According to new census data released this week, the percentage of Colorado’s same-sex couples living together grew more than 60 percent in the last decade. And almost 25 percent of those couples are raising children. Which begs the question: Does New York’s gay marriage law passing mean a second chance at LGBT marriage rights in Colorado?
In March of this year, Colorado Republican leadership shot down at a civil unions bill in a GOP-controlled house committee, but Democratic state Rep. Mark Ferrandino, still had hope in March telling a crowd on the Capital’s steps in March, “It isn’t a matter of if, but when,” Fox31 reported earlier in the year.
State Sen. Pat Steadman and Ferrandino said that they are planning on reintroducing the legislation, likely in 2012, and had strong words for Colorado Republicans after the passing of the New York law.
In a statement to USNews about why New York Republicans would vote for gay marriage legalization where Colorado Republcans did not, Steadman said bluntly:
New York Republican leadership is much smarter than we have here.
“In New York, their leadership is willing to stand up against fringe,” Ferrandino also said to USNews. "In Colorado, it's a small minority in their party that they're listening to, and they weren't willing to stand up to them last session,” Ferrandino goes on to say.
Steadman’s and Ferrandino’s strong words prompted a similarly heated response from Colorado House Speaker Frank McNulty, a Republican representing Highlands Ranch, who said to The Denver Post, “If that’s the Democrats’ [stance], then our Democrats aren’t as smart as the New York legislature's.” McNulty goes on to say that prior to Republicans winning back the House by one-seat recently, Colorado Democrats controlled the Senate for four years without introducing a civil unions bill.
The Denver Post reports that The total number of same-sex couples in the state increased to 16,000 in 2010, from 10,000 in 2000. The census data also shows that Colorado’s same-sex couples are among the fasted-growing segment of the population with a 42 percent increase in the past decade. That’s a fast-growing population of voters who certainly want the same rights as New York.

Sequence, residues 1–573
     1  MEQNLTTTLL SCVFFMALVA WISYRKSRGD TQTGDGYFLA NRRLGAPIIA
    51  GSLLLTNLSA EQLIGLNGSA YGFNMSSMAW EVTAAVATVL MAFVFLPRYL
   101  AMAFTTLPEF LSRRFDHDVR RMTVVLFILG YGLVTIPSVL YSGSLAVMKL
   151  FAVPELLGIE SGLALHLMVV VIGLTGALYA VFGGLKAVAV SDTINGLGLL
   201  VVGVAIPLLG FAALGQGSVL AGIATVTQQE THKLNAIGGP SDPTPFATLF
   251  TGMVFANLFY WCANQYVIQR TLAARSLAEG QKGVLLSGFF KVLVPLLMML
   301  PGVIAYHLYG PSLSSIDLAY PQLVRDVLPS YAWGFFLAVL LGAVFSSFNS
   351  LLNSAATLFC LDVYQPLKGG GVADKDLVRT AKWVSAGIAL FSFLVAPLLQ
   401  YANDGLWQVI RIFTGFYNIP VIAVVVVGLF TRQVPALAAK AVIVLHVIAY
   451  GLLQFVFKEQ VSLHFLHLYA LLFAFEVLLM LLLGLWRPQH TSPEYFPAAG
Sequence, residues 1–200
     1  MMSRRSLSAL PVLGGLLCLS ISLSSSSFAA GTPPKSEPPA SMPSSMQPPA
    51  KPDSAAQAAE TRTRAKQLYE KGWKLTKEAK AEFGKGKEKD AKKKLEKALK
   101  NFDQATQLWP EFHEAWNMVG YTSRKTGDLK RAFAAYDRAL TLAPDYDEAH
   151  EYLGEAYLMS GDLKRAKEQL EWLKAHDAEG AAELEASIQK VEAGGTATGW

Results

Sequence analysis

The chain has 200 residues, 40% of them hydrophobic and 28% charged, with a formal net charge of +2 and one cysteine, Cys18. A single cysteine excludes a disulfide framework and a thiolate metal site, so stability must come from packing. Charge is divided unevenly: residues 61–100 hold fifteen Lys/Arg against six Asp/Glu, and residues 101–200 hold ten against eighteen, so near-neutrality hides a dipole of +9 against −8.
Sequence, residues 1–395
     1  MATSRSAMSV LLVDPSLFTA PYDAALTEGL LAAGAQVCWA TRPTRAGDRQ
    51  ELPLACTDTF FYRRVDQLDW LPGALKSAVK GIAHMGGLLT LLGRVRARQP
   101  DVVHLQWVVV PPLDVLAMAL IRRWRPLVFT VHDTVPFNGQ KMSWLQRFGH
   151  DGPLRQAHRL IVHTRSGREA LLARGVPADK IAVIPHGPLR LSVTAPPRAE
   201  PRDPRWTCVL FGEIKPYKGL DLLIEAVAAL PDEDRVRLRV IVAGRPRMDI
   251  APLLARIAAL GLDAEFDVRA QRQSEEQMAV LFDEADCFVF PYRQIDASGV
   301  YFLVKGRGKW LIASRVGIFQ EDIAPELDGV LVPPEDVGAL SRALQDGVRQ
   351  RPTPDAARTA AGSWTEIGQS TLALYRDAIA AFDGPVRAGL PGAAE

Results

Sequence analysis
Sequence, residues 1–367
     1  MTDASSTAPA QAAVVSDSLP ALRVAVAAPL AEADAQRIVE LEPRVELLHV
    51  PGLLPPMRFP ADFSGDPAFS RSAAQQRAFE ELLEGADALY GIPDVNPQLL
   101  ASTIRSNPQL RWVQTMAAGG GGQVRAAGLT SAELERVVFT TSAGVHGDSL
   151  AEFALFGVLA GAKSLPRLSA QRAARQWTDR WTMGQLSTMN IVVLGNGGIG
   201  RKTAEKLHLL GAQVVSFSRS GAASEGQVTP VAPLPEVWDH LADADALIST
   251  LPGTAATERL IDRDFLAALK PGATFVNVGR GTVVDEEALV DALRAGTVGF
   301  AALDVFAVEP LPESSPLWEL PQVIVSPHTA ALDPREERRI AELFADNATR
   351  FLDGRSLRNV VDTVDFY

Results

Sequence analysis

Both Steadman and Ferrandino agree that in the wake of New York’s gay marriage law passing and with the census data suggesting the increased LGBT population in Colorado, there could be political fallout if Republicans shoot down a Colorado civil unions bill this time around. Ferrandino says to USNews, “So many people support civil unions that it shows their leadership is not in touch with mainstream Colorado voters.”
Despite the tense split between Colorado Republicans and Democrats, Brad Clark, Executive Director of One Colorado, a leading Colorado LGBT rights advocacy group is hopeful about bi-partisan support for a bill similar to New York’s:
For the first time in any state, a marriage bill was passed in a Republican-led legislative chamber. The New York State Senate demonstrated that equality is a nonpartisan issue. And with similar bi-partisan support for civil unions in Colorado, I look forward to the day very soon that gay and lesbian couples in this state can have the critical legal protections they need to take care of and be responsible for their families.